Matheus Brace Means This Week Is Not Rosé For Arsenal
Champions League, Group H
SC Braga 2 – 0 Arsenal
1 – 0 Matheus (83)
2 – 0 Matheus (90)
Two late goals mean that Arsenal’s abysmal record in Portugal continues but more importantly, qualification for the Round of 16 is still open to question. The defeat means that a win against Partizan at The Emirates in a fortnight’s time is required to be sure of coming at least second in the group. Should that be coupled with a Braga win in Dontesk, Arsenal will have bragging rights for top place. But that is a big IF.
An Arsenal side bereft of attacking fluidity made hard work of breaking down Braga in the first eighty minutes but two refereeing indecisions within five minutes as the match reached its’ climax, changed the outcome from stalemate to a home victory.
With fifteen minutes remaining, Carlos Vela was scythed down in the area but booked for diving as opposed to a penalty being awarded by a referee who was barely ten yards away and with a clear view of the incident. Inexplicably, he received no better information from the fifth official behind the Braga goal.
Graham Poll this morning believes that Vela was possibly a contributing factor to the decision, his dive may have been considered theatrical by the Hungarian referee. That close to the final whistle, a goal would probably have been decisive. Presuming that the kick was converted and that is by no means a certainty this season.
Theatrics is not a word normally associated with Emmanuel Eboue yet having been booked in the first half for such antics, this can be the only reason why Matheus was allowed to remain on the pitch with ten minutes remaining for ending the Ivorian’s contribution. Having made three substitutions, Arsenal were left with ten men until the final whistle and failed to hold on.
The two decisions influenced the outcome more directly than the failure to breakthrough in the preceding seventy five minutes. Post match, Wenger railed against everything and everyone, believing that on any other night Arsenal would have won. It is hard to believe that is true, the manager admitting as much observing that his much-changed side did not create any clear openings.
Wenger’s changes to the team did not include resting his captain beforehand, despite persistent rumours that he would. The manager wished he had afterwards with a fresh hamstring injury arising, speculation that he will be out for several weeks was rife but the club will scan the injury today. Whilst losing any world class player is detrimental to any team, in this instance I wonder if it will be the decisive factor in sparking the players into life.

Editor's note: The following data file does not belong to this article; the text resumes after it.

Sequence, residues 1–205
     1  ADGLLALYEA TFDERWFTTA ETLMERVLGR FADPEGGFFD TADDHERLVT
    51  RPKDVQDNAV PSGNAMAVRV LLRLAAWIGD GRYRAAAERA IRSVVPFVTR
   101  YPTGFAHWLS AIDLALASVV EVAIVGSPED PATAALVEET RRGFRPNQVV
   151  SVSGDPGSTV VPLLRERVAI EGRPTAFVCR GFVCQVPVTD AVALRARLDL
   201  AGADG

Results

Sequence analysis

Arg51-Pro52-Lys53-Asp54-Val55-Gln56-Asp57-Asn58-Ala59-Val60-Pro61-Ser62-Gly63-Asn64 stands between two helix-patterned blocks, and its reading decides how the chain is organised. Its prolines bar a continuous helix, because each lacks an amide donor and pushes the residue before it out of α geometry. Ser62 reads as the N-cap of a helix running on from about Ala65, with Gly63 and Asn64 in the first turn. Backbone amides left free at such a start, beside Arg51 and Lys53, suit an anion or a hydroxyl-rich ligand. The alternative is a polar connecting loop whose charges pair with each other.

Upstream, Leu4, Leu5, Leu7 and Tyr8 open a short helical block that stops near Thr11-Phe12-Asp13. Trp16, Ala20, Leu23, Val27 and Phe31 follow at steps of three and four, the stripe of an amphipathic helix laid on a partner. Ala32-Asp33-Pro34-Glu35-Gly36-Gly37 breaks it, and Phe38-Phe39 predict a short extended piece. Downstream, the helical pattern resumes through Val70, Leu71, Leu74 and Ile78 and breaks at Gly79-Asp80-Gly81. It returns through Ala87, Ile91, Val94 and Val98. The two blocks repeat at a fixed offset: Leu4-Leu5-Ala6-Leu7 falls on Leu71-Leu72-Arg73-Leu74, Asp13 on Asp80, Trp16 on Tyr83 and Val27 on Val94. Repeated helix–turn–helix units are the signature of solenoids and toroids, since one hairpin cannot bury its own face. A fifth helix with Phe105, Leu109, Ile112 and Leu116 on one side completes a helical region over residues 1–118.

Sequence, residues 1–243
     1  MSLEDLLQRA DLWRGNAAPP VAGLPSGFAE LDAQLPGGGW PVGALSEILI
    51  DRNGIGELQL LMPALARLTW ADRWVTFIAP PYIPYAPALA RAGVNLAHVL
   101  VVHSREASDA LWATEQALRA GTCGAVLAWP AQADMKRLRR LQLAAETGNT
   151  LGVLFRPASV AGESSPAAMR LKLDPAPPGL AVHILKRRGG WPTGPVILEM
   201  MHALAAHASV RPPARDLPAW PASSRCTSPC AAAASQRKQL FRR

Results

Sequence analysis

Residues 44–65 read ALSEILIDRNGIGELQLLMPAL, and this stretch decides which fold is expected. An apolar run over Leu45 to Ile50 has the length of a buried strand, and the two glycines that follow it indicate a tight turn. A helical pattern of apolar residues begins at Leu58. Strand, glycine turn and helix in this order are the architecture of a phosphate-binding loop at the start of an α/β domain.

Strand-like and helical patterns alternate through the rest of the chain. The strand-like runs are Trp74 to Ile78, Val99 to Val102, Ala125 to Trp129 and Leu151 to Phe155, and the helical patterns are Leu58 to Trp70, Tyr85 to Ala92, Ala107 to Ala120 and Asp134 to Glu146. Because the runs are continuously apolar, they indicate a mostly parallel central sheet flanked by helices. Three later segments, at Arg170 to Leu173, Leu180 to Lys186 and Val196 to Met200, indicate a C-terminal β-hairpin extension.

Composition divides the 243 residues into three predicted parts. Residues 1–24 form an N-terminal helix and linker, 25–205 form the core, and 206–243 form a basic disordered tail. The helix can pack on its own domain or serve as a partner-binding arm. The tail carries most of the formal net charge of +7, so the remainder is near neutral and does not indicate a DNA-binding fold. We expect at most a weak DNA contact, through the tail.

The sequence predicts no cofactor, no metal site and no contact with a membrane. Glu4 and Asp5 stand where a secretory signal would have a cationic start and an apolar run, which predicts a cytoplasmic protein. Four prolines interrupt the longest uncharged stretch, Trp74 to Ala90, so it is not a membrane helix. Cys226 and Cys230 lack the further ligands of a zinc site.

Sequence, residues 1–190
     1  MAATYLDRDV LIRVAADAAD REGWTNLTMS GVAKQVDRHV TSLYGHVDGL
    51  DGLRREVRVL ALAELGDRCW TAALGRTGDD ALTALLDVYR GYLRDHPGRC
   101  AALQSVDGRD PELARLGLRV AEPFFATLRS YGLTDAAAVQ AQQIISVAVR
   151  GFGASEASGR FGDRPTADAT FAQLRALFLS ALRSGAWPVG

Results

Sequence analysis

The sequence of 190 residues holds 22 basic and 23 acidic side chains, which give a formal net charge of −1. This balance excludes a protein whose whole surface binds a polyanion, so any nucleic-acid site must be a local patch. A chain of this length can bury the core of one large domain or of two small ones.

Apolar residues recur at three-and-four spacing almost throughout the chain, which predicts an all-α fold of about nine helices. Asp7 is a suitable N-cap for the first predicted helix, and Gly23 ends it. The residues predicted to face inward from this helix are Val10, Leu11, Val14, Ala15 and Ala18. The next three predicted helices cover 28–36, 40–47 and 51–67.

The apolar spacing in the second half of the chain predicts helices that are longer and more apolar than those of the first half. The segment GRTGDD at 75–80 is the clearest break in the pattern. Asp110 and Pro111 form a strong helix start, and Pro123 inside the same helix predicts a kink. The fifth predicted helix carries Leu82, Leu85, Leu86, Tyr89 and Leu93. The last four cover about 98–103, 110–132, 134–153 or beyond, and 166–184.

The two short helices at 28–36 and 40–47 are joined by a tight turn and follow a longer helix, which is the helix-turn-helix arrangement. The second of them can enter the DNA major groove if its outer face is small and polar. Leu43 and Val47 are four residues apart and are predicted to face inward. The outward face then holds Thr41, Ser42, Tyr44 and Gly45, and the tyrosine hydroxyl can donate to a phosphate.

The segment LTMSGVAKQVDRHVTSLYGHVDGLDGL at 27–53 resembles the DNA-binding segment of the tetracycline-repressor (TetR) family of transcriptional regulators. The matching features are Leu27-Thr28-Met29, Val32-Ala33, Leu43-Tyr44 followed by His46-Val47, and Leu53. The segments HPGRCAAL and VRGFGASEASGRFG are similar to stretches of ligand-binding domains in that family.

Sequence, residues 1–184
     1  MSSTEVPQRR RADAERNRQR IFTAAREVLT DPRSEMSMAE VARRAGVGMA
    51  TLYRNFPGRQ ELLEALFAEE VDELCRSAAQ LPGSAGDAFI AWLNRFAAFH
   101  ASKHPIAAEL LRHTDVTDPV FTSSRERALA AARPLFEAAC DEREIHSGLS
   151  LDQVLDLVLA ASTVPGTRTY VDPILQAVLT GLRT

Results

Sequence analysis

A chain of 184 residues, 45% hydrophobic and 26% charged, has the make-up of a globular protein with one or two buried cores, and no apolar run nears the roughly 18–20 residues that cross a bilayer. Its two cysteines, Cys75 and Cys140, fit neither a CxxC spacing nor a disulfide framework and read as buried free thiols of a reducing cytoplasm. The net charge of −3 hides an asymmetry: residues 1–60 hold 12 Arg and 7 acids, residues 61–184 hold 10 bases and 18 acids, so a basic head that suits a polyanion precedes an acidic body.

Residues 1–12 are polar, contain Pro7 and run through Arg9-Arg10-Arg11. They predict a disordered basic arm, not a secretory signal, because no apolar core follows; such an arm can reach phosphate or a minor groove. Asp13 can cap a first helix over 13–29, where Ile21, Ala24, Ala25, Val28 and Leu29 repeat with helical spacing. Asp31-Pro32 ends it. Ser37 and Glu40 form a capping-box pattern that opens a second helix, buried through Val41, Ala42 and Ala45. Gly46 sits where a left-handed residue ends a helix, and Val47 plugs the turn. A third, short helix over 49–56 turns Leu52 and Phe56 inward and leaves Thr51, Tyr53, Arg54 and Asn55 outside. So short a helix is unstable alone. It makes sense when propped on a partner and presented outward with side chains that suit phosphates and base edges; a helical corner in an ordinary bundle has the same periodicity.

Fabregas improves the team’s passing but in some respects inhibits others; they look for him frequently and it appears at times that he casts the same shadow over the side that Henry did before him. Nasri and Wilshere are capable of playmaking as are Rosicky and to a lesser degree, Arshavin. The loss may not be as bad as it initially seems, the ‘deputies’ are themselves outstanding players.
Last night’s match was largely forgettable. Arsenal created precious few real opportunities, too frequently stifled by opposition numbers. Walcott brought a timely interception from Felipe early on and then dragged a shot wide when a goal seemed likely. Bendtner diverted a header into the side netting but Fabianski was largely untroubled in the first half.
The second half was in a similar vein. Bendtner was isolated too easily by the defence and when space was found, his touch belied his belief that he should be an automatic first choice. Nasri and Chamakh were brought on to add zest with Fabregas leaving through injury and Bendtner necessity.
When Arsenal were reduced to ten men, closing out the point in their hands should have been the paramount objective. They failed. Twice in the final seven minutes, Matheus breached the defence. Both were avoidable.
Johan Djourou summed up the situation perfectly in his critical assessment of the ninety minutes,
It’s crazy. We had the game under control and two counter-attacks and silly, silly mistakes – we can be disappointed because we should have won the game easily, it’s very hard to take.
A point would have qualified us so it’s a shame to concede goals like that, I just cannot understand. We have to look again, that shouldn’t happen. It was a lack of concentration, the team needs to concentrate and do better than that.
The team needs to know that now we have to wake up, it was a big wake-up call. We have a big game against Partizan and we have to win that to qualify for the knock-out stage.
The season is apparently in freefall yet we find ourselves in November with two points to make up at the top of the table, the quarter finals of the Carling Cup ahead and qualification in the Champions League very much in Arsenal hands. Four defeats in six matches mean November has been in stark contrast to October. That does not however state emphatically that there is nothing left to play for, that nothing can be won. It is ludicrous to believe that to be the case yet the players have in the last 130 minutes offered little evidence to supportany claim that they are on the path to glory.
Form is transient. The team that was back on track is now hurtling with the gay abandon of a runaway train towards oblivion, so we are told. In the past a siege mentality has been highly beneficial to Wenger and his predecessors. Invoking that by including the manical element of Arsenal support might just be the biggest kick up the arsenal that the players need.
Posted on November 24, 2010, in Arsenal, Champions League, Football, Premier League, Premiership, Soccer and tagged Arsenal, Champions League, Football, Premier League, SC Braga, Soccer. Bookmark the permalink. 330 Comments.